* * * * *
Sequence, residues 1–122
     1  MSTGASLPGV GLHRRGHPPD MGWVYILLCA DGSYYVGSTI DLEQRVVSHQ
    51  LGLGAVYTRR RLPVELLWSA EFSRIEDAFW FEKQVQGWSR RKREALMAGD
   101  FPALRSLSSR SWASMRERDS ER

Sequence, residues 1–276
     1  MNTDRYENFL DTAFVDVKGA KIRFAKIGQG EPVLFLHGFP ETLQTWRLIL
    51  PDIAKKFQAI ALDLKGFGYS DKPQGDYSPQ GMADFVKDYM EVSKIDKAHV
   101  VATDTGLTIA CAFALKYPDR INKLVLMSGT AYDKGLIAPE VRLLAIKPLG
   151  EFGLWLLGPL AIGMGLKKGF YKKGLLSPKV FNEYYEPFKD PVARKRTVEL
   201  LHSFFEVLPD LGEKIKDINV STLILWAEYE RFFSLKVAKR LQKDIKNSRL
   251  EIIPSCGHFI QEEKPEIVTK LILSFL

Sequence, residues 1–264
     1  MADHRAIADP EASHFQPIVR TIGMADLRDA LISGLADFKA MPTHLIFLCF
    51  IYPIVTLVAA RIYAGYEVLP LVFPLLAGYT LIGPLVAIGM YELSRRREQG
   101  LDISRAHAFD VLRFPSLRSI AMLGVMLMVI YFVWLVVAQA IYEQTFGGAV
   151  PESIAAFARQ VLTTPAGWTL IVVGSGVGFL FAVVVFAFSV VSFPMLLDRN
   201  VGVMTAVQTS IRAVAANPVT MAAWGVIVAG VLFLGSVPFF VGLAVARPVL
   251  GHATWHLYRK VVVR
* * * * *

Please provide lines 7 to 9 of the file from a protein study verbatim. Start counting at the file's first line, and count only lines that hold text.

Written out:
    51  PDIAKKFQAI ALDLKGFGYS DKPQGDYSPQ GMADFVKDYM EVSKIDKAHV
   101  VATDTGLTIA CAFALKYPDR INKLVLMSGT AYDKGLIAPE VRLLAIKPLG
   151  EFGLWLLGPL AIGMGLKKGF YKKGLLSPKV FNEYYEPFKD PVARKRTVEL